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Pitching stability of diving seabirds during underwater locomotion: a comparison among alcids and a penguin
Noda, T., Kikuchi, D.M., Takahashi, A., Mitamura, H. & Arai, N. (2016) Anim Biotelemetry 4:10
Abstract
Background: In animals, recoil motion resulting from underwater propulsion can destabilise trajectory and decrease locomotory performance. The posture of diving seabirds fluctuates simultaneously with their appendage beat, especially in the vertical plane, because of the recoil force of the beat. Seabirds that fly and swim face trade-offs between maximising their locomotory performance in one medium relative to the other, and flightless penguins were hypothesised to have higher underwater pitching stability than alcids that fly and swim. To test this hypothesis, we investigated the in-situ pitching stability of three species of diving seabirds, including a penguin, Pygoscelis adeliae, and two species of alcids, Cerorhinca monocerata and Uria lomvia. A high-resolution gyroscope data logger was attached to the back of each bird and recorded the angular velocity of the body during the descent phase of dives.

Results: For all three species, the root mean square (RMS) of the angular velocity, which indicated the level of angular fluctuation, was negatively correlated with the depth. Many factors, such as the dorsoventral acceleration resulting from wing beat, dive angle, speed, and current depth, as well as the maximum depth in each dive, significantly affected the angular velocity RMS. The angular velocity RMS at a given depth (e.g. 5 and 10m) significantly increased with the maximum depth of the dives, suggesting buoyancy regulation relative to the target depth to reduce the destabilising angular momentum in all three species. During entire descent periods, the angular fluctuation was generally lower in P. adeliae than in the two species of alcids, supporting the hypothesis of a higher pitching stability in penguins. Furthermore, the angular fluctuation of U. lomvia was lower than that of C. monocerata at deeper depths, suggesting higher pitching stability and more efficient underwater locomotion in U. lomvia.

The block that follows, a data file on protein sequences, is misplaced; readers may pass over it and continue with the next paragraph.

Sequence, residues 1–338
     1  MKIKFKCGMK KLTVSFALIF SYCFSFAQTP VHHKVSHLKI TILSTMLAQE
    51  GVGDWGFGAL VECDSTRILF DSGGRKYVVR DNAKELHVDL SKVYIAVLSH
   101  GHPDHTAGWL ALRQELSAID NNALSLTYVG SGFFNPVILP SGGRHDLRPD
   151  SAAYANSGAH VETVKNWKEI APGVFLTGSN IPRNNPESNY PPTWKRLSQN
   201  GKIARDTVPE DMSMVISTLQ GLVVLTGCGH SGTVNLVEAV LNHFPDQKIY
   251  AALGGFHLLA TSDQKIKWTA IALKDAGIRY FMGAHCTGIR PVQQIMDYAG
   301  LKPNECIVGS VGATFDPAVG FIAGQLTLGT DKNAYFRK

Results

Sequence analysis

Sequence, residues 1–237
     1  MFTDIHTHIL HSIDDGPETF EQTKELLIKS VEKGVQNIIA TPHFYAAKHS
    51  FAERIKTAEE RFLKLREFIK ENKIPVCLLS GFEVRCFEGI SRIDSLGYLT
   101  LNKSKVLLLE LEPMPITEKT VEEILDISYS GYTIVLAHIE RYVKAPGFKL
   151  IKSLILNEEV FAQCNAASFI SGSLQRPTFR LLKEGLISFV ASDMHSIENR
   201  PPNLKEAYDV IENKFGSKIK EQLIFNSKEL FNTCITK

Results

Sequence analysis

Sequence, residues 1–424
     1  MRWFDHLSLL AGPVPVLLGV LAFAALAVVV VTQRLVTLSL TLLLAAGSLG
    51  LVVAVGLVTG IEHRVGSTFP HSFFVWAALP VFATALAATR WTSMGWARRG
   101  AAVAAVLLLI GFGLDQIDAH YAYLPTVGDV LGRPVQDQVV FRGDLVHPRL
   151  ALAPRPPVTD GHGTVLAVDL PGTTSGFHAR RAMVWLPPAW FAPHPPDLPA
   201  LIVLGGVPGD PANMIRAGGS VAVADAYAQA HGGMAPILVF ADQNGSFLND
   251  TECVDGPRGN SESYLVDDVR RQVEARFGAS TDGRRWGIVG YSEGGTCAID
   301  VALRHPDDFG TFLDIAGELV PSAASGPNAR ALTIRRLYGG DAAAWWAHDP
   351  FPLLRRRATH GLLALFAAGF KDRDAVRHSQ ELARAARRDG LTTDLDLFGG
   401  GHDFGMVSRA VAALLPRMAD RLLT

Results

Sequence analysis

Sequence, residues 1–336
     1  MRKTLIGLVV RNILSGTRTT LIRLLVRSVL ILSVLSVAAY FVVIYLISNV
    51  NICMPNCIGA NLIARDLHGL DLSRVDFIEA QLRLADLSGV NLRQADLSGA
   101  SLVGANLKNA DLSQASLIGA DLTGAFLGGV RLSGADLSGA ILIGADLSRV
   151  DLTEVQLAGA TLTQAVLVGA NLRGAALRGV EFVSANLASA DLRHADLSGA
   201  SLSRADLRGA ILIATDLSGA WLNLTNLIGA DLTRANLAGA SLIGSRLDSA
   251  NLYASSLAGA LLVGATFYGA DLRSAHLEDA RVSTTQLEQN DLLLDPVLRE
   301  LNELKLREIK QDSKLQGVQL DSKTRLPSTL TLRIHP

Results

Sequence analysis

Conclusions: This study demonstrated a difference in the pitching stability, which is an important component of underwater locomotory efficiency, of a penguin and two alcid species while diving freely in natural conditions. In-situ angular fluctuation data obtained by gyroscope would be useful to understand the locomotory strategy of swimming animals.

Keywords: Gyroscope, Accelerometer, Pitching stability, Moment of inertia, Adélie penguin, Rhinoceros auklet, Brünnich's guillemot, Biotelemetry, Biologging

http://dx.doi.org/10.1186/s40317-016-0102-y


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